On October 11, 1957, the enormous IBM 704 computer at Massachusetts Institute of Technology’s Computation Center produced the first “satisfactory orbit” calculations for the Smithsonian Astrophysical Observatory’s Sputnik 1-spotting mission. Operation Moonwatch, a group of amateur astronomers organized by Observatory Director Fred Lawrence Whipple, was working feverishly in Cambridge, Massachusetts since Sputnik’s October 4th launch to develop the mathematical models to accurately calculate and predict where the first man-made Earth satellite would appear in the sky at any given time. If they could determine the position of Sputnik 1, they could derive its “orbital elements”, or “parameters required to uniquely identify a specific orbit” – scientist talk for “where exactly is the satellite now and where will be it be in five, ten, or fifteen minutes?”.
The IBM 704, introduced in 1954, was the first mass-produced computer with floating-point arithmetic hardware and core memory (instead of tubes). Computer languages FORTRAN and LISP were first developed for use with the 704. It was able to execute up to a speedy 40,000 instructions per second.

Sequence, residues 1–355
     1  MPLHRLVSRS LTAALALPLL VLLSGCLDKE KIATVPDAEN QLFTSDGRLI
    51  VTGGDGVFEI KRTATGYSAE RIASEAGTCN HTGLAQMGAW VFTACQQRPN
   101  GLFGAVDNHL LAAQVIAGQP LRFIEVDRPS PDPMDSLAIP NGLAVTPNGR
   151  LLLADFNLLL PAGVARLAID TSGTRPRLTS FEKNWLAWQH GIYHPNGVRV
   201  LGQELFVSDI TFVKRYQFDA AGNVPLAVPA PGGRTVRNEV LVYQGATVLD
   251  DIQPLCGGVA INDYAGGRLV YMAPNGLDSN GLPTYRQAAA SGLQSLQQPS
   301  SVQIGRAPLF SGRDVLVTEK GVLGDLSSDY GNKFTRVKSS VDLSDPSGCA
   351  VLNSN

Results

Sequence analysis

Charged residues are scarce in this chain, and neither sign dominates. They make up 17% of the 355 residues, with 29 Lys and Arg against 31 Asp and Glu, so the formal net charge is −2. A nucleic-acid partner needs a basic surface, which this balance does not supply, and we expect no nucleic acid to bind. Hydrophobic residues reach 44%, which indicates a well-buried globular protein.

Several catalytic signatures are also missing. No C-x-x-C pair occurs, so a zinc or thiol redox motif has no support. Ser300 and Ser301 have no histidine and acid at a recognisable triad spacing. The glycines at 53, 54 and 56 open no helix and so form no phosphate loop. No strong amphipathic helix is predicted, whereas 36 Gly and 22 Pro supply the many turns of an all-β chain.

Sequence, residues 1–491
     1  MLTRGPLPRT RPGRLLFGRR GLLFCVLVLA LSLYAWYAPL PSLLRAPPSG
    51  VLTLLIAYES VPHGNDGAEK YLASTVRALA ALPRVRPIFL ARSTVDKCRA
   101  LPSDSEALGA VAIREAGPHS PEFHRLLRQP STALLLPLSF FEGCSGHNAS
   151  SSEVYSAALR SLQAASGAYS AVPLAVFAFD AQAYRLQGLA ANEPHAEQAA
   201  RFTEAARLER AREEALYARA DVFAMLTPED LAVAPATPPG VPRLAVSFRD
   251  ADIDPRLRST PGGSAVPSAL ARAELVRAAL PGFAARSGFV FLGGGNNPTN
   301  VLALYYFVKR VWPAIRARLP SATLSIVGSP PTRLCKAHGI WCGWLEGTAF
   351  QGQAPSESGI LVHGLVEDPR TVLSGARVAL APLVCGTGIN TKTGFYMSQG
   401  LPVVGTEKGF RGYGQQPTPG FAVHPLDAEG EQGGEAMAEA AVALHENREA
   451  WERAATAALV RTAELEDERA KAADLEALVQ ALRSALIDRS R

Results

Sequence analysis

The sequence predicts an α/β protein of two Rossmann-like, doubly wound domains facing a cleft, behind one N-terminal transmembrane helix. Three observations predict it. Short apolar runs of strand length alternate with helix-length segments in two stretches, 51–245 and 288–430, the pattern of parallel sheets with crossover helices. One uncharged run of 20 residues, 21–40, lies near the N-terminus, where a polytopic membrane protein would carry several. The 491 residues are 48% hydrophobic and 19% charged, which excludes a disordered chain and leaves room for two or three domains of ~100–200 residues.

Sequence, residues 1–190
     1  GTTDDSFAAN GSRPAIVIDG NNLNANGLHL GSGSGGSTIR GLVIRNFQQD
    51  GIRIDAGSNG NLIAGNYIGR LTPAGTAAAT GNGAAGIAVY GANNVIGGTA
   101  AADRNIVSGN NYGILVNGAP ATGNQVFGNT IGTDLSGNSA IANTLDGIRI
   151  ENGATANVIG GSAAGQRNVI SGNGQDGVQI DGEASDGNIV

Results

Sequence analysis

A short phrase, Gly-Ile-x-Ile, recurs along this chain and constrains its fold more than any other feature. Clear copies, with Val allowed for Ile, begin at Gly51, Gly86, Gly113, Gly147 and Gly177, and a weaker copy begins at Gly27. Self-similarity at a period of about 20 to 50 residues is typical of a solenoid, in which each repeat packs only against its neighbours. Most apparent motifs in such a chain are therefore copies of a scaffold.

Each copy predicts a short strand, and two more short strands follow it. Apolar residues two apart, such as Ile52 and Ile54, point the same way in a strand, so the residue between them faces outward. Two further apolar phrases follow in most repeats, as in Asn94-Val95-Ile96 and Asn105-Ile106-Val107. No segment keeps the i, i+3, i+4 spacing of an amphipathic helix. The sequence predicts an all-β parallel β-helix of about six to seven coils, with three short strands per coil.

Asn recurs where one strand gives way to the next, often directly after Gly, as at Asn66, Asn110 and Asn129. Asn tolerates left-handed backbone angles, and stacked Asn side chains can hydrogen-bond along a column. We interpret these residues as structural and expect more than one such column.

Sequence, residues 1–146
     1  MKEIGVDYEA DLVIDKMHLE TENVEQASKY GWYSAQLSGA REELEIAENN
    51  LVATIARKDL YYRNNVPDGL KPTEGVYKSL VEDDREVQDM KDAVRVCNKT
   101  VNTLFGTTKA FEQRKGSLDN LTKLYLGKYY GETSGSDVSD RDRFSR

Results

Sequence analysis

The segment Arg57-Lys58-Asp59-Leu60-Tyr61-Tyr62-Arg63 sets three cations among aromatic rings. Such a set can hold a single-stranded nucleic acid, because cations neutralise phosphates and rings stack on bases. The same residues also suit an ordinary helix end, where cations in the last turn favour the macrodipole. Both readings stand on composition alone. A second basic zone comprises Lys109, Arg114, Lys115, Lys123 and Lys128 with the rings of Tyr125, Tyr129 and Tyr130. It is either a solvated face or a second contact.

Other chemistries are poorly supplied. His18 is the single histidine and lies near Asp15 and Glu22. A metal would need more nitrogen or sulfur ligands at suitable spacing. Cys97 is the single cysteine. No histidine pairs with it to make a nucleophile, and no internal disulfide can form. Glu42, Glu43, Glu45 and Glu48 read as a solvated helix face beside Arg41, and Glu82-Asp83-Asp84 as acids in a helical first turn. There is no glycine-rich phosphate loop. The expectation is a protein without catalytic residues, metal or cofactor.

The astronomers had three targets to work with: the Sputnik 1 satellite with its radio transmitter; a detached nose cone from the satellite; and the satellite’s discarded booster rocket. Early in the morning of October 11th, at around 7:00 AM, the state-of-the-art IBM 704 was able to lock on and calculate the critical Earth-orbit data for the booster rocket.
Being able to accurately locate objects orbiting the Earth and passing over the United States was of great national security interest. The questions on everyone’s mind since the Soviet Union’s successful Sputnik 1 launch were: Would the Soviets send up an ICBM, now that they had the technology? And: How soon?